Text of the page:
3. From back in the day before secularism got a stranglehold on Hoosier jurists comes this great excerpt via Indiana federal court judge Allan Sharp, dedicated to those many Indiana government attorneys (with whom I have dealt) who count the law as a mere tool, an optional tool that is not to be used when political correctness compels a more acceptable result than merely following the path that the law directs: ALLEN SHARP, District Judge. I. In a scene following a visit by Henry VIII to the home of Sir Thomas More, playwriter Robert Bolt puts the following words into the mouths of his characters: Margaret: Father, that man's bad. MORE: There is no law against that. ROPER: There is! God's law! MORE: Then God can arrest him. ROPER: Sophistication upon sophistication! MORE: No, sheer simplicity. The law, Roper, the law. I know what's legal not what's right. And I'll stick to what's legal. ROPER: Then you set man's law above God's! MORE: No, far below; but let me draw your attention to a fact I'm not God. The currents and eddies of right and wrong, which you find such plain sailing, I can't navigate. I'm no voyager. But in the thickets of law, oh, there I'm a forester. I doubt if there's a man alive who could follow me there, thank God... ALICE: (Exasperated, pointing after Rich) While you talk, he's gone! MORE: And go he should, if he was the Devil himself, until he broke the law! ROPER: So now you'd give the Devil benefit of law! MORE: Yes. What would you do? Cut a great road through the law to get after the Devil? ROPER: I'd cut down every law in England to do that! MORE: (Roused and excited) Oh? (Advances on Roper) And when the last law was down, and the Devil turned round on you where would you hide, Roper, the laws being flat? (He leaves *1257 him) This country's planted thick with laws from coast to coast man's laws, not God's and if you cut them down and you're just the man to do it d'you really think you would stand upright in the winds that would blow then? (Quietly) Yes, I'd give the Devil benefit of law, for my own safety's sake. ROPER: I have long suspected this; this is the golden calf; the law's your god. MORE: (Wearily) Oh, Roper, you're a fool, God's my god... (Rather bitterly) But I find him rather too (Very bitterly) subtle... I don't know where he is nor what he wants. ROPER: My God wants service, to the end and unremitting; nothing else! MORE: (Dryly) Are you sure that's God! He sounds like Moloch. But indeed it may be God And whoever hunts for me, Roper, God or Devil, will find me hiding in the thickets of the law! And I'll hide my daughter with me! Not hoist her up the mainmast of your seagoing principles! They put about too nimbly! (Exit More. They all look after him). Pgs. 65-67, A MAN FOR ALL SEASONS A Play in Two Acts, Robert Bolt, Random House, New York, 1960. Linley E. Pearson, Atty. Gen. of Indiana, Indianapolis, for defendants. Childs v. Duckworth, 509 F. Supp. 1254, 1256 (N.D. Ind. 1981) aff'd, 705 F.2d 915 (7th Cir. 1983)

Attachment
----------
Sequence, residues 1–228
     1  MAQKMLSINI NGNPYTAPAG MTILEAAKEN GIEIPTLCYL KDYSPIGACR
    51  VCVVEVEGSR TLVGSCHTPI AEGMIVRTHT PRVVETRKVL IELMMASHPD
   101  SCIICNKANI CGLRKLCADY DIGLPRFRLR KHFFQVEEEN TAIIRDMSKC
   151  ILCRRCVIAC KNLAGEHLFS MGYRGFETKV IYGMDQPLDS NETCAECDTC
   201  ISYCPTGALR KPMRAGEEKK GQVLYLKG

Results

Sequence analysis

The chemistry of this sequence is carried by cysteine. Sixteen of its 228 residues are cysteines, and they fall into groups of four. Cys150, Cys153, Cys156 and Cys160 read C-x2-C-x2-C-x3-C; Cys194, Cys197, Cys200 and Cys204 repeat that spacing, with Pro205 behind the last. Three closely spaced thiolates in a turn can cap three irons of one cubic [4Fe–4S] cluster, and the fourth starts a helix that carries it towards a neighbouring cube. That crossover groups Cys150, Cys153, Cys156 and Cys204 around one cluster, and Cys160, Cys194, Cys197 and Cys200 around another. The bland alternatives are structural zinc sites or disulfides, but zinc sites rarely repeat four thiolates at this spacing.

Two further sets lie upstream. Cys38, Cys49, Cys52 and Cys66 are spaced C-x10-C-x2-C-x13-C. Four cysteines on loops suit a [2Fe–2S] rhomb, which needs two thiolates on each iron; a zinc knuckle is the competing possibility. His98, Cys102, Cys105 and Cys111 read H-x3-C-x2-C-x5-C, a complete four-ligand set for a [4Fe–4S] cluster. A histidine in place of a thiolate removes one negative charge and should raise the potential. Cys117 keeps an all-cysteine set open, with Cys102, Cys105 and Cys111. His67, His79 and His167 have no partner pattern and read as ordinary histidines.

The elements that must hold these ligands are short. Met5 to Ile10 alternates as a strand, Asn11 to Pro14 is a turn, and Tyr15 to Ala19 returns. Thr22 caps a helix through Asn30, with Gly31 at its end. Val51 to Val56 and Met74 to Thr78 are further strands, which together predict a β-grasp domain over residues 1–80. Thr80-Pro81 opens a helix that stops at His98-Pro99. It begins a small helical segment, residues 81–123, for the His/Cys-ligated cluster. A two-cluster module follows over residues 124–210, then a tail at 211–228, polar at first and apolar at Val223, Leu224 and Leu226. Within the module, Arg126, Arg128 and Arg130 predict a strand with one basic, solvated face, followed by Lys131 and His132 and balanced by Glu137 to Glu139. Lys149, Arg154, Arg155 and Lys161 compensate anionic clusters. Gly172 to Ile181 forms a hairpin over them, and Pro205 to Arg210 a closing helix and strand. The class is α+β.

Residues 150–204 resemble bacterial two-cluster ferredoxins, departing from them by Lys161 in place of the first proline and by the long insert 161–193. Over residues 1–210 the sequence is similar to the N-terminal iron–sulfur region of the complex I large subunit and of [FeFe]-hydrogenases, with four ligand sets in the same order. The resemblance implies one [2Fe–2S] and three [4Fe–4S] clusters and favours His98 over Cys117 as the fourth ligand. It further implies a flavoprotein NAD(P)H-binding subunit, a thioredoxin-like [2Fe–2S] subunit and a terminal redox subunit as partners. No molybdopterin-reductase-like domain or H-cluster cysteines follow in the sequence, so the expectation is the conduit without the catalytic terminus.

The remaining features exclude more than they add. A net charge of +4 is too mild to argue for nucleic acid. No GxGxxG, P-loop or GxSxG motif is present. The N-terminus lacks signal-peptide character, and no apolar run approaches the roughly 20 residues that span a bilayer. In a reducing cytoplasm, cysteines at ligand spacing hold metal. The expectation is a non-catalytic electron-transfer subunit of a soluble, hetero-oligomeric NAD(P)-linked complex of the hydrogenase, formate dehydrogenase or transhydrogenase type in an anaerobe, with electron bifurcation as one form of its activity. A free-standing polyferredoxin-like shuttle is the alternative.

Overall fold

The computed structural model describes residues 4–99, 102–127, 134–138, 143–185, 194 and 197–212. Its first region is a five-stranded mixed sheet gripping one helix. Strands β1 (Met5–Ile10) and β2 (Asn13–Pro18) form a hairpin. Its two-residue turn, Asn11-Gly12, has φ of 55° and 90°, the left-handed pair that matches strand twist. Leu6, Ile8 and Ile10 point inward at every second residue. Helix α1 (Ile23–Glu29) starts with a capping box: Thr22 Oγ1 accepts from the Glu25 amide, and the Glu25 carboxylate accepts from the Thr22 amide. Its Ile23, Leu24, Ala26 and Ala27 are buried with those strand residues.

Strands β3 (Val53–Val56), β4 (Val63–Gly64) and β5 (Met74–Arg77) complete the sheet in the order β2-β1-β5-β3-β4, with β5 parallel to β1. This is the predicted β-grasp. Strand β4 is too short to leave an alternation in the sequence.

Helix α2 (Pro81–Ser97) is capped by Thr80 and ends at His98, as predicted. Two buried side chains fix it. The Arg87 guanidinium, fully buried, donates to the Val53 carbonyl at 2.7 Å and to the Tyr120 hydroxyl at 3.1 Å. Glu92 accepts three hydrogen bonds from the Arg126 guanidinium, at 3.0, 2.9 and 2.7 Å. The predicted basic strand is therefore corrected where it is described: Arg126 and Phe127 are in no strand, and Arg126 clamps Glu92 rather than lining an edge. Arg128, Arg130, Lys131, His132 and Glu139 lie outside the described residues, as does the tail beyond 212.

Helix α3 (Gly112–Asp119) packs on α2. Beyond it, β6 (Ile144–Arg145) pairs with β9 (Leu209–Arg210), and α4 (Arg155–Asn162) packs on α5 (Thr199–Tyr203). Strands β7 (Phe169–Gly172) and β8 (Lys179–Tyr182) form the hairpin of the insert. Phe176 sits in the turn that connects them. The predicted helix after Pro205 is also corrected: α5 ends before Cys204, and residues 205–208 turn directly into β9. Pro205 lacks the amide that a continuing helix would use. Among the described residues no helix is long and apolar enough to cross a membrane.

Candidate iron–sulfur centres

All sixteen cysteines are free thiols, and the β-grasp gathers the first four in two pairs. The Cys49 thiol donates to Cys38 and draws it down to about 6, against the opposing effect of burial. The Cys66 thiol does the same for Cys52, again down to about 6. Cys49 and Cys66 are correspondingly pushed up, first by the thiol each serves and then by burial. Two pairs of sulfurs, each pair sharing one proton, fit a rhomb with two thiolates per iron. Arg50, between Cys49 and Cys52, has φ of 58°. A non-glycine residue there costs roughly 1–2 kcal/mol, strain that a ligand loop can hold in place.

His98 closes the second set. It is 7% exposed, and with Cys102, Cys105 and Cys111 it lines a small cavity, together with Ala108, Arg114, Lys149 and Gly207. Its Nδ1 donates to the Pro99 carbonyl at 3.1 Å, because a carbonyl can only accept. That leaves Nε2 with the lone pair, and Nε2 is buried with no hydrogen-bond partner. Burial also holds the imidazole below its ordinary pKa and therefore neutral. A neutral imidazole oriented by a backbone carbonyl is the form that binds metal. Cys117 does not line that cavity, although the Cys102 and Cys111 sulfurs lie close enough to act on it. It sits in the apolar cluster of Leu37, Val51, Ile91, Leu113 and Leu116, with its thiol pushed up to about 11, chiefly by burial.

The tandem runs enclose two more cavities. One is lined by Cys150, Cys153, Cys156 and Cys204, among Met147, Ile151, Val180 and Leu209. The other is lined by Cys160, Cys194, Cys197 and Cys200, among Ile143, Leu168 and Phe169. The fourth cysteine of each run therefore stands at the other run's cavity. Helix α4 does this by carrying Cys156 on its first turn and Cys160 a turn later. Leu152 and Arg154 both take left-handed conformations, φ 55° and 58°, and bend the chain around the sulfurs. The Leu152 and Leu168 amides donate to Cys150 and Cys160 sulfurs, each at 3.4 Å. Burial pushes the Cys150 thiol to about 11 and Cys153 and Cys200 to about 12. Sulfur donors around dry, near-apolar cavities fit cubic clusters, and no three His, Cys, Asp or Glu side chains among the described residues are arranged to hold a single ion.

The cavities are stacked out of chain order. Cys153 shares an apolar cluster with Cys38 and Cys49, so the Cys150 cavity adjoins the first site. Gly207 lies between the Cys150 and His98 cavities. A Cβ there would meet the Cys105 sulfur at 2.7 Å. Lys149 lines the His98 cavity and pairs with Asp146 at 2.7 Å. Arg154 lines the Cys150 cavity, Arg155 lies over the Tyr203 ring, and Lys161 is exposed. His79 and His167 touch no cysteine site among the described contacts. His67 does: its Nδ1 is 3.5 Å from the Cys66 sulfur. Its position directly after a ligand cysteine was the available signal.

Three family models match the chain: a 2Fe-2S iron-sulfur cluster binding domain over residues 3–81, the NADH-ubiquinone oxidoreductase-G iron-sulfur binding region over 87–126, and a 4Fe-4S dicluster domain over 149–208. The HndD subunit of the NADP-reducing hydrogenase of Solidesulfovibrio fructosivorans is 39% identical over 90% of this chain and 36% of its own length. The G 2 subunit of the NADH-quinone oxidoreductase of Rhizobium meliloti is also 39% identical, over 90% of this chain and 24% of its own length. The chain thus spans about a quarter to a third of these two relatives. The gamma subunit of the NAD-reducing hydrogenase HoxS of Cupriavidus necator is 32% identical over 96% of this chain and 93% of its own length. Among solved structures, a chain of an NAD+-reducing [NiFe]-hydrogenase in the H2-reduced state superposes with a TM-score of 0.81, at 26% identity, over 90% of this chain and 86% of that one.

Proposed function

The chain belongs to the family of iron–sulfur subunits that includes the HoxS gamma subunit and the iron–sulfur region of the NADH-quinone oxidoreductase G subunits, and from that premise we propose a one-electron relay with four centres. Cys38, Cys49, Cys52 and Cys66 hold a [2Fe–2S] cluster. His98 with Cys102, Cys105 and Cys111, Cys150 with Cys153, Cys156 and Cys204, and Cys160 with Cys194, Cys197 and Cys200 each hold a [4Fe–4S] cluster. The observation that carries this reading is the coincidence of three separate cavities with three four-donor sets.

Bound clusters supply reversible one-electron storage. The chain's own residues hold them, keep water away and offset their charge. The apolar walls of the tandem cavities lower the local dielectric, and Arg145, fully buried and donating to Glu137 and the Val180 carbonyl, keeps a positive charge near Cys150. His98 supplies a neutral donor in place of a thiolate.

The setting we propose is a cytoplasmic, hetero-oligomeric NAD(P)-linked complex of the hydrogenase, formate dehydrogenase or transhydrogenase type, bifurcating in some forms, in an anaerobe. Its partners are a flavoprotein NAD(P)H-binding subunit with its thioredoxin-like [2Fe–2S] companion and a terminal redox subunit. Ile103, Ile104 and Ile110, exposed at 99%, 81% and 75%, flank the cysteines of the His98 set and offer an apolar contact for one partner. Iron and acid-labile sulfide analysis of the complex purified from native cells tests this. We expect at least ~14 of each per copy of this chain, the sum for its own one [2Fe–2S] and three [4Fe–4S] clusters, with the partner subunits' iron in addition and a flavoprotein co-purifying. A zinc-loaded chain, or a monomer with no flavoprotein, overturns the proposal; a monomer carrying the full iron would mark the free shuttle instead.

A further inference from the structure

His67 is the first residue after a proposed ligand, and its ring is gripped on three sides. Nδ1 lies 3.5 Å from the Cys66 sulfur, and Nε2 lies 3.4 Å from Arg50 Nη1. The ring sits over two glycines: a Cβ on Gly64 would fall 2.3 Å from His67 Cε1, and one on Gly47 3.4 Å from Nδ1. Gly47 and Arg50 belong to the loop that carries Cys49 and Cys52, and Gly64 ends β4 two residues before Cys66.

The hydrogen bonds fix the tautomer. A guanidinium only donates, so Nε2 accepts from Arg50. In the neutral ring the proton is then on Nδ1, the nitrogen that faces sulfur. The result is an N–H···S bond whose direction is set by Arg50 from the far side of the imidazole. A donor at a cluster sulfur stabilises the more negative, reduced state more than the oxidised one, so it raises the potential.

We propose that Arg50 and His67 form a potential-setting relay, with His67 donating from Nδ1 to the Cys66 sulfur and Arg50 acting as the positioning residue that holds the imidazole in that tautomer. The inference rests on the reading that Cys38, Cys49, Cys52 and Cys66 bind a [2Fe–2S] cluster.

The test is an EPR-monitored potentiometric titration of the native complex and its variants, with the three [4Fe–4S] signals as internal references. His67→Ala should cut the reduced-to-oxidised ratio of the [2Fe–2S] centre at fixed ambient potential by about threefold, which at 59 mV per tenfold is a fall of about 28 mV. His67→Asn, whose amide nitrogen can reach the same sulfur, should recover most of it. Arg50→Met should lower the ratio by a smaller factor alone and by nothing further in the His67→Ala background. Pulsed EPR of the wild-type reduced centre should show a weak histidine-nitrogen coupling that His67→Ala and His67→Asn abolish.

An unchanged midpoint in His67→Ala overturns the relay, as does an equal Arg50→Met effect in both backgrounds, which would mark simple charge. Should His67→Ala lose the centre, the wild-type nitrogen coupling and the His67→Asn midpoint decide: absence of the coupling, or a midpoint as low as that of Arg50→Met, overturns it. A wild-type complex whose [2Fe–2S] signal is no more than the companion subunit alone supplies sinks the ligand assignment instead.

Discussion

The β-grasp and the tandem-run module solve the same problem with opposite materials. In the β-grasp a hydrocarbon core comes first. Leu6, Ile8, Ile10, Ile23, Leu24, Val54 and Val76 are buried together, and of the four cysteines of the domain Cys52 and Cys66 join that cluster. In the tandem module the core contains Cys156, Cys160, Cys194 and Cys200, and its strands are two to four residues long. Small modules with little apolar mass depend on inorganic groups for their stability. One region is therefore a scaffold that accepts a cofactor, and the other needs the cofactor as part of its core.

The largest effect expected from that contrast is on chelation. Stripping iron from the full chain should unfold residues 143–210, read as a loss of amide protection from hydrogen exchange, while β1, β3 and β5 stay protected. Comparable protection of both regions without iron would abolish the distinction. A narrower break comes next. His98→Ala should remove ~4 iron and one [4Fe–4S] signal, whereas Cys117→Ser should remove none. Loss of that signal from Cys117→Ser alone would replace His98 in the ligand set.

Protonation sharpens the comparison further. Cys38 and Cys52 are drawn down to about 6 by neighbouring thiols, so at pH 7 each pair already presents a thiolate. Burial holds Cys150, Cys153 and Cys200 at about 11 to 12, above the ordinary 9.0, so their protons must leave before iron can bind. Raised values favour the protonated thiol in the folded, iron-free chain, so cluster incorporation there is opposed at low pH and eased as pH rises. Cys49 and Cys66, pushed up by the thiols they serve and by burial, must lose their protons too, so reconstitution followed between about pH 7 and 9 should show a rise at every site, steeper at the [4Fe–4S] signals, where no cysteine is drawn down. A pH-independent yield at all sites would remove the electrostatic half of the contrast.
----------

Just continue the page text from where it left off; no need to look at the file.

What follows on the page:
4. "Meanwhile small- and mid-size firms are getting squeezed and likely will not survive unless they become a boutique firm." I've been a business attorney in small, and now mid-size firm for over 30 years, and for over 30 years legal consultants have been preaching this exact same mantra of impending doom for small and mid-sized firms -- verbatim. This claim apparently helps them gin up merger opportunities from smaller firms who become convinced that they need to become larger overnight. The claim that large corporations are interested in cost-saving and efficiency has likewise been preached for decades, and is likewise bunk. If large corporations had any real interest in saving money they wouldn't use large law firms whose rates are substantially higher than those of high-quality mid-sized firms.

  5. The family is the foundation of all human government. That is the Grand Design. Modern governments throw off this Design and make bureaucratic war against the family, as does Hollywood and cultural elitists such as third wave feminists. Since WWII we have been on a ship of fools that way, with both the elite and government and their social engineering hacks relentlessly attacking the very foundation of social order. And their success? See it in the streets of Fergusson, on the food stamp doles (mostly broken families)and in the above article. Reject the Grand Design for true social function, enter the Glorious State to manage social dysfunction. Our Brave New World will be a prison camp, and we will welcome it as the only way to manage given the anarchy without it.